Smallpox Vaccination Plan's Future Unclear
USA Today; 6D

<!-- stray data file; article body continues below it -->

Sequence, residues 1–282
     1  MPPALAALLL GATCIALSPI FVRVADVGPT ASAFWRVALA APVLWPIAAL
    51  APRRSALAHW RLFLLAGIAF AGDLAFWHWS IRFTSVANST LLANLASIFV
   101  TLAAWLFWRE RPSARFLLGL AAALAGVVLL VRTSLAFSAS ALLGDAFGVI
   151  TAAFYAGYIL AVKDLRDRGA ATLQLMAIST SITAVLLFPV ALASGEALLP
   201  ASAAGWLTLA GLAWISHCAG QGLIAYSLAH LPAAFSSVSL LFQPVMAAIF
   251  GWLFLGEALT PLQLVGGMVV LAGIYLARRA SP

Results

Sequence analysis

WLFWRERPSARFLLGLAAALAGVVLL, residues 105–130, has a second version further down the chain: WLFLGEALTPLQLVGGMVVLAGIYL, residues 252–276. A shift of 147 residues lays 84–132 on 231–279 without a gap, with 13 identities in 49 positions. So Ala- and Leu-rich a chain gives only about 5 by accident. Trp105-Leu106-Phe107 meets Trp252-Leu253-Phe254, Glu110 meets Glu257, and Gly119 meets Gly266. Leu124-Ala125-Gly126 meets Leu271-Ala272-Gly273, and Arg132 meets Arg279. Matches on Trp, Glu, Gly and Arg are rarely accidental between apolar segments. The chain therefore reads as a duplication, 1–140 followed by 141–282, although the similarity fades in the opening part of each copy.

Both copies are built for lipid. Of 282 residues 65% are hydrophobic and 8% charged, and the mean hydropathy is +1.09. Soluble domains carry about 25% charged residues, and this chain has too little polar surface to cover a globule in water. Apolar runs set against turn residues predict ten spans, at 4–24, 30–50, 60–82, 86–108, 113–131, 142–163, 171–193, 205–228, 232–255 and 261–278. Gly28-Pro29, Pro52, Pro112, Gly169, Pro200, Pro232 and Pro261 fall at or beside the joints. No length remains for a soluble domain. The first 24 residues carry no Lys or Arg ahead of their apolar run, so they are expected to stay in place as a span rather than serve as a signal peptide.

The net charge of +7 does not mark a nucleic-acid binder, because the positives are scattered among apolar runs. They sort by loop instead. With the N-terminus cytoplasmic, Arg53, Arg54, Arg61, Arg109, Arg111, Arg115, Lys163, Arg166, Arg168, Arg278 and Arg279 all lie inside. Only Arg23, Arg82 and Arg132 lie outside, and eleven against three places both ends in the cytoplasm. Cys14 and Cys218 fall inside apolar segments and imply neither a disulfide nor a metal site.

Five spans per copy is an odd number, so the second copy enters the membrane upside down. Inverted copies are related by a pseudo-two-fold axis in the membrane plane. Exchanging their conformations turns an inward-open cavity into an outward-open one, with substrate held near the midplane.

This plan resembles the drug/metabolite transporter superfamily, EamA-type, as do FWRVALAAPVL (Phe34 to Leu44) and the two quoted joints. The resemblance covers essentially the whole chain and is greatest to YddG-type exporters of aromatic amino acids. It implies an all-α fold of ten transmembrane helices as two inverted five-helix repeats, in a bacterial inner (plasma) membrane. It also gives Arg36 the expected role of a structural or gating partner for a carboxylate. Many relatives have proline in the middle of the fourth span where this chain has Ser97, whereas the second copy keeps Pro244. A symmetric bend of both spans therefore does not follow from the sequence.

The U.S. government's smallpox vaccination program, which was intended to begin with immunizations of emergency responders and eventually branch out to volunteers in the general public, may be permanently derailed by the large numbers of medical professionals who have opted not to be vaccinated. So far, 38,000 such workers have been immunized, far below an initial estimate of 450,000 during the project's opening phase. During the second phase, the vaccine will be available to police officers, firefighters, and emergency workers, but the Advisory Committee on Immunization Practices has suggested that the program be held back until reviews of the vaccine's safety profile--including its increased risk for causing myocarditis--are conducted. Julie Gerberding, director of the Centers for Disease Control and Prevention, says that the risk profile for the vaccine has not changed since the program's rollout in December 2002--a view echoed by the state of Florida, which has already begun the second phase of the campaign and has no plans to slow it down.